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8.3.6: Gneiss

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    At higher grades, metamorphic rocks may develop compositional layering because different minerals concentrate in layers of contrasting colors. We call such rocks gneisses. The defining characteristics of most gneisses, such as the gneisses seen in Figure 8.29 and Figure 8.30, are that the rocks are medium- to coarse-grained and contain alternating layers of light and dark-colored minerals that give the rock foliation called gneissic banding. The banding in the garnet gneiss (Figure 8.30) is not particularly well-developed but is present.

    8.29.png
    Figure 8.29: A biotite-quartz gneiss. The specimen is 6.8 cm across.
    8.30.png
    Figure 8.30: A garnet gneiss. The garnets are up to 5 mm across.

    Gneisses, the highest temperature-pressure kinds of foliated metamorphic rock, typify many regions that have undergone high-temperature metamorphism. Gneissic banding most commonly forms in response to directed stress. Sometimes, however, layering may form solely due to chemical processes that concentrate different minerals in different layers. The felsic light-colored layers typically contain quartz and feldspars, and the more mafic darker layers typically contain biotite, hornblende, or pyroxene. Accessory minerals such as garnet are common.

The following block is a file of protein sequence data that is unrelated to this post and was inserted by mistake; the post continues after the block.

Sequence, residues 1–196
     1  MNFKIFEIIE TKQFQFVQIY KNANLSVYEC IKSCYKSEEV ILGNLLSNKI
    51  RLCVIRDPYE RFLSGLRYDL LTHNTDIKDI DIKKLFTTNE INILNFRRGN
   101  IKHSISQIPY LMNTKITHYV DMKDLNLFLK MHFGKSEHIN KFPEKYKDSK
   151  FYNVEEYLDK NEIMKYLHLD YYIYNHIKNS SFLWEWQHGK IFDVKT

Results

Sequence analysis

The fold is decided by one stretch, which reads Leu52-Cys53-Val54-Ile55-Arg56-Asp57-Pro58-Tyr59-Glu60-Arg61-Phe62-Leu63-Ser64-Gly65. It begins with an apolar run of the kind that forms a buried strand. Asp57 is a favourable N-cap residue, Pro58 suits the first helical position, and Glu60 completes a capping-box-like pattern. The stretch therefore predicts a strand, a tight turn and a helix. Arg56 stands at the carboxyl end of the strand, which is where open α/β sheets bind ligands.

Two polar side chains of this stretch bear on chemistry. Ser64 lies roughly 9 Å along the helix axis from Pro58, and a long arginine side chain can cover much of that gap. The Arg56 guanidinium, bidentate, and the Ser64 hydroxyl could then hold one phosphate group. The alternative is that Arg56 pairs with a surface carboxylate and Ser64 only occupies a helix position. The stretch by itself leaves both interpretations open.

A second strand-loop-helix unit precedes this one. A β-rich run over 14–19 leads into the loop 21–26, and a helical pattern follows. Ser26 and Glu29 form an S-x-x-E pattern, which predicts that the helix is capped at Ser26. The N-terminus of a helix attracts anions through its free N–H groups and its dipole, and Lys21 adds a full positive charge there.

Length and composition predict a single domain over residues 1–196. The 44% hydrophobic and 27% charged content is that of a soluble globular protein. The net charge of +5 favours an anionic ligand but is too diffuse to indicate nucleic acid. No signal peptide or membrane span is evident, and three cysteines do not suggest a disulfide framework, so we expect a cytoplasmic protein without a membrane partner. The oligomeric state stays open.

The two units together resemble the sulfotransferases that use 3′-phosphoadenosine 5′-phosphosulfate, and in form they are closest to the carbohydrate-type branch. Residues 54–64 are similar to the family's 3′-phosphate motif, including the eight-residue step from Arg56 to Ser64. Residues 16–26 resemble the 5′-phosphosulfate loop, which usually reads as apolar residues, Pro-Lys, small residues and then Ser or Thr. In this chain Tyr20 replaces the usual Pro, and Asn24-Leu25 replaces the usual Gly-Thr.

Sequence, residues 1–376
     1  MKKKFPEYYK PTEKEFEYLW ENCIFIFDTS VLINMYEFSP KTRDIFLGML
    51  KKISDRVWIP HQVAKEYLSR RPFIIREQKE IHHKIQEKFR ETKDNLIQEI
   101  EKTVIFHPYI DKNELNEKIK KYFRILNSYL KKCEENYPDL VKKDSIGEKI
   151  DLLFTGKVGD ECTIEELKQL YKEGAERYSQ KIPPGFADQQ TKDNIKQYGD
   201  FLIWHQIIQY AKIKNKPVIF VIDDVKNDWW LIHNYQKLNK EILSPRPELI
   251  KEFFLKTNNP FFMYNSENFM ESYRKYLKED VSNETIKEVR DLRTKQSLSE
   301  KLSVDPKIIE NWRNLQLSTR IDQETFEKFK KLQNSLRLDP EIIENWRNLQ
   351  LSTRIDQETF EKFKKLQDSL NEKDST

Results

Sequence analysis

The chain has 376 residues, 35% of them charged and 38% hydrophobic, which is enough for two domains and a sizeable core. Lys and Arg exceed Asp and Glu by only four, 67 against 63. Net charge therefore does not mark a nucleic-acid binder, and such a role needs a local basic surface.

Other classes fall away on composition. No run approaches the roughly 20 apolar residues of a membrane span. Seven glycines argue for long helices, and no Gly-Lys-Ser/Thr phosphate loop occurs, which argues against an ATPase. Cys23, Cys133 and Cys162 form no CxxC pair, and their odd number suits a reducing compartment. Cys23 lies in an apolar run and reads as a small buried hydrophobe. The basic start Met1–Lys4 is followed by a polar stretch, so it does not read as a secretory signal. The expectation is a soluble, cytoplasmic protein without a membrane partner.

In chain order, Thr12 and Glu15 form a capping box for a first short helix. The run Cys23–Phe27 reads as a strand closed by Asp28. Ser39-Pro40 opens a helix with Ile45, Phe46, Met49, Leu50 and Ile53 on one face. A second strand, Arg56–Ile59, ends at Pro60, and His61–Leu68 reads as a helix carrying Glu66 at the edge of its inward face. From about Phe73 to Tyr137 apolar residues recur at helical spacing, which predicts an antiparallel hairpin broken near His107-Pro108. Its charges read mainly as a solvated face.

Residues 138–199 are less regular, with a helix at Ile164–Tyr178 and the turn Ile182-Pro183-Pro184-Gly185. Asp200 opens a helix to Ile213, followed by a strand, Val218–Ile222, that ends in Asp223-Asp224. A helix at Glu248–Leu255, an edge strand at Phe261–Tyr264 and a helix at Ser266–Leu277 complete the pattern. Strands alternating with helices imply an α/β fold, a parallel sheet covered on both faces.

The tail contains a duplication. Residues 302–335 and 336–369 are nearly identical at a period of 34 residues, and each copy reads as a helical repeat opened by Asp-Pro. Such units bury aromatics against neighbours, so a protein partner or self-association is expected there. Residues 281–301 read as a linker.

8.31.png
    Figure 8.31: Deformed granitic gneiss

    Sometimes gneissic banding is deformed, as seen in Figure 8.31. This gneiss, from the Czech Republic, contains pink K-feldspar rich layers alternating with darker layers that contain biotite. Metamorphism produced parallel layers of contrasting mineralogy (and color) and subsequent deformation caused the layers to become deformed. Figure 8.5 shows another example of a deformed gneiss.

    Gneisses are often named based on their protoliths, and petrologists use the general terms orthogneiss for gneisses derived from igneous rocks, and paragneiss for gneisses derived from sedimentary rocks. More specific names abound – for example, pelitic gneisses form by metamorphism of originally clay-rich sedimentary rocks, granitic gneisses (such as the one shown in Figure 8.31) form by metamorphism of granites, and mafic gneisses form by metamorphism of mafic igneous rocks. Sometimes key minerals are often included in rock names. For example, a garnet gneiss is a gneiss that contains conspicuous garnet crystals.

    8.32.png
    Figure 8.32: Augen gneiss

    Some gneisses do not display well-defined dark- and light-colored banding but still maintain less distinct foliation. For example, the foliation in kyanite gneiss may come from alignment of light-colored kyanite crystals in an otherwise quartz- and muscovite-rich rock. An augen gneiss, such as the gneiss shown in Figure 8.32, contains large feldspar crystals – “eyes” (augen is German for eyes) – stretched in one direction. The gneiss in this photo is oriented so the stretch direction (and, thus, the foliation) is horizontal.


    This page titled 8.3.6: Gneiss is shared under a CC BY-NC-SA 4.0 license and was authored, remixed, and/or curated by Dexter Perkins via source content that was edited to the style and standards of the LibreTexts platform; a detailed edit history is available upon request.

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